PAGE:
Sustained growth depends on innovation, whether it's cutting-edge software from Silicon Valley, an improved assembly line in Sichuan, or a new export market for Swaziland's leather. Developing a new idea requires money, which poses a problem of trust. The innovator must trust the investor with his idea and the investor must trust the innovator with her money. Robert Cooter and Hans-Bernd Schäfer call this the "double trust dilemma of development." Nowhere is this problem more acute than in poorer nations, where the failure to solve it results in stagnant economies.
In Solomon's Knot, Cooter and Schäfer propose a legal theory of economic growth that details how effective property, contract, and business laws help to unite capital and ideas. They also demonstrate why ineffective private and business laws are the root cause of the poverty of nations in today's world. Without the legal institutions that allow innovation and entrepreneurship to thrive, other attempts to spur economic growth are destined to fail.
Robert D. Cooter is the Herman F. Selvin Professor of Law at the University of California, Berkeley. His books include The Strategic Constitution (Princeton). Hans-Bernd Schäfer is professor of law and economics at the Bucerius Law School in Hamburg, Germany, and professor emeritus at the University of Hamburg. His books include The Economic Analysis of Civil Law.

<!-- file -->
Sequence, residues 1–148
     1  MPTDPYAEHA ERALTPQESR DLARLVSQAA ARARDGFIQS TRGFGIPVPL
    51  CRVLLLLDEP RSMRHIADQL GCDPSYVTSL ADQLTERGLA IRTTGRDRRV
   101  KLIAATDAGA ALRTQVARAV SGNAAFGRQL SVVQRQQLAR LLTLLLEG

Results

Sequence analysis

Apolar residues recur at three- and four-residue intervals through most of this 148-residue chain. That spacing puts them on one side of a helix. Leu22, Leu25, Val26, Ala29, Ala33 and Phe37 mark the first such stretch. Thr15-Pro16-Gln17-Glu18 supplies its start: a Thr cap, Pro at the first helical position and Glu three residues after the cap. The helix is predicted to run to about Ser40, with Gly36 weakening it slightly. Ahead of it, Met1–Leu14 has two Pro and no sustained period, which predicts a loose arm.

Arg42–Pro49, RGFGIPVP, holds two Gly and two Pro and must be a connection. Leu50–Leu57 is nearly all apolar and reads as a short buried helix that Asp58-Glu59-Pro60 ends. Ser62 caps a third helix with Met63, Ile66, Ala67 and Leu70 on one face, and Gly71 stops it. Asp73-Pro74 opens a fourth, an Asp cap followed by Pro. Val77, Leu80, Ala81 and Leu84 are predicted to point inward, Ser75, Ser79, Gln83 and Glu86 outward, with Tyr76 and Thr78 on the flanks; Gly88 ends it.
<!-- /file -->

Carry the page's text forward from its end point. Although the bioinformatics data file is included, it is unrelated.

Growth spurts that catapult a country or region to economic preeminence are fascinating but poorly understood. Cooter and Schäfer show that such spurts tend to track legal changes that facilitate the protection of property, the enforcement of contracts, and, most important, the launching of innovative business ventures. Consistently creative, insightful, and entertaining, Solomon's Knot makes a major contribution to the growing literature on the evolution of international differences in wealth."
Timur Kuran, Duke University
Cooter and Schäfer provide a thorough introduction to growth economics through the lens of law and economics. They do a masterful job of weaving in historical anecdotes from all over the world, detailed discussions of historical transformations, theoretical literature, empirical studies, and numerous clever hypotheticals. Scholars as well as general readers will find this book to be very useful and informative.
Henry N. Butler, George Mason University